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Tickers in this Article: AWK, MSEX, YORW, ARTNA
It was a bit of a long drought, but water utility stocks, as a group, have finally started to move upstream again, and they're likely to continue doing so as the summer doldrums kick in. Here are four 'picks of the litter' to review, but first things first.
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Bigger Picture
Water stocks may not be 'sexy' by anybody's definition of the word, but gains created by rising stocks are certainly a lot sexier than losses. On that note, the S&P 1500 Water Utility Index has fulfilled one of my personal requirements – bullish momentum – by putting up a 9.0% gain last month. It also looks like it's still headed upward. The S&P 1500 barely budged at all last month, and appears to be pointed lower.

Some of these stocks look unusually expensive, considering they're utility stocks and aren't exposed to a lot of growth potential. That's a nice way of saying even though the group, looks good, the several individual stocks in the group don't.

Nevertheless, the industry benchmark averages we should be using as a yardstick are a price-to-earnings ratio of 11.5, an operating margin of 23.5% and net margins of 7.2%. If you're into dividends, this is surprisingly an industry you might not care for - the average dividend yield is 1.1%.

OK, all set for the names? One last caveat – these four picks don't necessarily beat the industry's averages on all the key criteria, though most of them are topped. (For a background reading, see The Industry Handbook: The Utilities Industry.)

Best of the Best
The American Water Works Co. Inc (NYSE:AWK) loss last quarter, which more than offset the gains created over the prior three quarters, and that's is a tough pill to swallow. You've got to look at the bigger picture though. Had it not been for a $450 million impairment charge, the $413 loss would have actually been a $37 million profit, which is in line with the normal quarter.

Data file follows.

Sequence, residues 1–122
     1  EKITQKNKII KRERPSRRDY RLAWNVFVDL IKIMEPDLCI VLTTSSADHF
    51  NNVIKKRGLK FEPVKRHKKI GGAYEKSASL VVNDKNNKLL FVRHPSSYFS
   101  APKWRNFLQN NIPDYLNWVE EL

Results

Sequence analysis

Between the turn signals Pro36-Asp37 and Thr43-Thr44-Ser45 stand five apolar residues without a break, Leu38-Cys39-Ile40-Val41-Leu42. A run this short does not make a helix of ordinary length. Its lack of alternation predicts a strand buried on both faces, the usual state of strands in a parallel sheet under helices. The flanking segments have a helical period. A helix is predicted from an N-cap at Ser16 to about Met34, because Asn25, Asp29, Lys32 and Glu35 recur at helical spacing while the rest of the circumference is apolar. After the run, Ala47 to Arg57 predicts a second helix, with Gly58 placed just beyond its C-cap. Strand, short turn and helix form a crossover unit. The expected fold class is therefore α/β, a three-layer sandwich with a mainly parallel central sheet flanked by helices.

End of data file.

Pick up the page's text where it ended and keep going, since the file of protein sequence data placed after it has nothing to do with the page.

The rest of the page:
If the analysts are right and American Water earns $1.32 per share this year and $1.44 per share next year, the projected 2010 P/E is a reasonable 12.7.

York Water Co. (Nasdaq:YORW) may seem a tad on the pricey side (and it is), but the company is consistently cranking out net margins around 20%. It's worth it to pay up for a little profit cushion. Getting into the Russell 3000 recently doesn't hurt the stock's stature either.

There's nothing excessively special about Artesian Resources Corp. (Nasdaq:ARTNA) other than its size. It's just a micro cap (market cap of $122.5 million), and a smaller company that can perform as well as (or better than) their bigger competition. ARTNA's price multiple of 17.4 may feel a little rich, but what you're paying a little extra for is the dividend, usually in the 3.3% to 4.3% range.

And finally, think about Middlesex Water Co. (Nasdaq:MSEX).

Middlesex got a lot of investors' attention more for technical reasons than fundamental ones. How so? Since late 2007, shares have fallen from around $18 to a March 2009 low around $12. Since March though, we've seen incrementally higher lows, and some real pressure to make higher highs.

The Bottom Line
Though the value of non-cyclical and utility stocks rarely changes, perceptions do. Therefore, even the prices of non-cyclical and utility stocks can change dramatically over time.

We may be entering a 'flight to quality' phase. Stocks are broadly overbought, and it doesn't look like the economic recovery is taking hold as firmly as many investors were expecting. It's the kind of environment in which investors make exits on aggressive stocks and hunt for more conservative ones, like water utility names.

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